• Science core ideas: Build a foundation for science with activities that increase in depth and complexity.

    • Science videos: Explore core concepts and ideas across science disciplines with interactive videos.

    • Virtual field trips: Explore a variety of locations like zoos, national parks, and space.

2. Connect students’ cultures

All students should be able to see themselves and their classmates in the content they explore in school. This helps spark curiosity and empathy, so it’s important to integrate these elements into lessons all year long.

You can do this by incorporating more lessons with content familiar to your ELL students. For example, if you have Spanish-speaking students in your class you may choose to teach about or celebrate holidays familiar to them, like Cinco de Mayo, Día de los Muertos, or their native country’s independence day.

Newsela subject products offer over 15,000 pieces of content and a variety of activities that you can pair with your lessons to add more diverse perspectives and cultural topics.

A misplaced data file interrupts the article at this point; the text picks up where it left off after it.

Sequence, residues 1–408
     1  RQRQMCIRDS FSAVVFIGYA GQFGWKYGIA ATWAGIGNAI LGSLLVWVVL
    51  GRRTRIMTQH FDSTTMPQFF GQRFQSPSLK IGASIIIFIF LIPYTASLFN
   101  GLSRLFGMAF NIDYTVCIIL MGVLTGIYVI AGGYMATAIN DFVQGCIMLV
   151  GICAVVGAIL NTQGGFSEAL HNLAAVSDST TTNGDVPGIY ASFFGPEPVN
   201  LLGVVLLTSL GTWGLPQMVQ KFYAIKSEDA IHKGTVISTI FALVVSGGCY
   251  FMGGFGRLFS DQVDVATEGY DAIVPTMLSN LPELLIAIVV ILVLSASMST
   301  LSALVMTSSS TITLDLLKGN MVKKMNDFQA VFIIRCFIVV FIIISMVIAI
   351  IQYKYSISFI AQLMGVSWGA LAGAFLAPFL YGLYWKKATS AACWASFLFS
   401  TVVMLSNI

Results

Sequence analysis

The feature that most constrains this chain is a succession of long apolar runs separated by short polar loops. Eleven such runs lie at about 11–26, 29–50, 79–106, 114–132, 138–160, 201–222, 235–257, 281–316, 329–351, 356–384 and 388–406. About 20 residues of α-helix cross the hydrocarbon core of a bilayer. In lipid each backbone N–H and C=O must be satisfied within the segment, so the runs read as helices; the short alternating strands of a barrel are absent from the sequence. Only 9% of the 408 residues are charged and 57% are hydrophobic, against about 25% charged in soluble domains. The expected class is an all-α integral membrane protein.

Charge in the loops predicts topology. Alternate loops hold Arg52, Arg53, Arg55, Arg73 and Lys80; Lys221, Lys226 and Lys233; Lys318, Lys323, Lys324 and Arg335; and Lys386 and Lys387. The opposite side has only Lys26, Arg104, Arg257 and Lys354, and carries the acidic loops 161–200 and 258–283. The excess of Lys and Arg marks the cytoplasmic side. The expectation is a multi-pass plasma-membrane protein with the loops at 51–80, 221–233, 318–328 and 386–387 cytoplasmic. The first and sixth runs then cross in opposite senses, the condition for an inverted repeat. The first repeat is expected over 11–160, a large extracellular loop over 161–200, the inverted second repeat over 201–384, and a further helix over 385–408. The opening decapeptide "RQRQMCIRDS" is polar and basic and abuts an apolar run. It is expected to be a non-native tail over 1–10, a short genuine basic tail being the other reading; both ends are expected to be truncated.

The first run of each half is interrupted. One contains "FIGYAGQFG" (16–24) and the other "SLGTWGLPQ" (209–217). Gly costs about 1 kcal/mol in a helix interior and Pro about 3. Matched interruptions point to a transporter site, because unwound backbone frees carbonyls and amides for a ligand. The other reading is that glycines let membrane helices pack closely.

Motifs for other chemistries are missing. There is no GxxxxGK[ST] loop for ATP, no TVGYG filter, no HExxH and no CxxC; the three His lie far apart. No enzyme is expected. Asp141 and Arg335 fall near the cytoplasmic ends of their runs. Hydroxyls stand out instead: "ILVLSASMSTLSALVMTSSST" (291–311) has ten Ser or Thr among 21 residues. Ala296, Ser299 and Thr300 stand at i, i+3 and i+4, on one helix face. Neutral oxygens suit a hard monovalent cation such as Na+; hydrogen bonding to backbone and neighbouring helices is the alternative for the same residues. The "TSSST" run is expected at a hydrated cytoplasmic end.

3. Create a welcoming environment

Aside from giving students opportunities to connect their culture to the lesson, your classroom must be a welcoming place for all students, including ELLs. Consider how uncomfortable or even scary it is to be unable to understand most of the people around you in class every day. You might feel anxious, frustrated, and out of place.

Adding more social-emotional learning lessons to classrooms with English language learners can help. They can allow students to connect with their emotions and each other in ways that highlight their similarities instead of their differences. You can add Newsela’s SEL collection to Newsela ELA, Newsela Social Studies, and Newsela Science to bring these lessons into any classroom. 

4. Vary ways to show knowledge

Do all students need to present in front of the class to show what they know? If you’re teaching public speaking skills, the answer might be yes. But that’s not the case for every lesson.

Students can demonstrate their knowledge and use language through writing, speaking, drawing, art, and other means. Allowing them to show what they know in different ways is a best practice for differentiation for all students, but it’s especially helpful for ELLs. Alternative assessment opportunities allow ELLs to show what they know about the content and concepts while minimizing the language barrier.

Formative offers 20+ question and content types to give students varied options to show their knowledge on any activity or assessment. 

5. Address all learning styles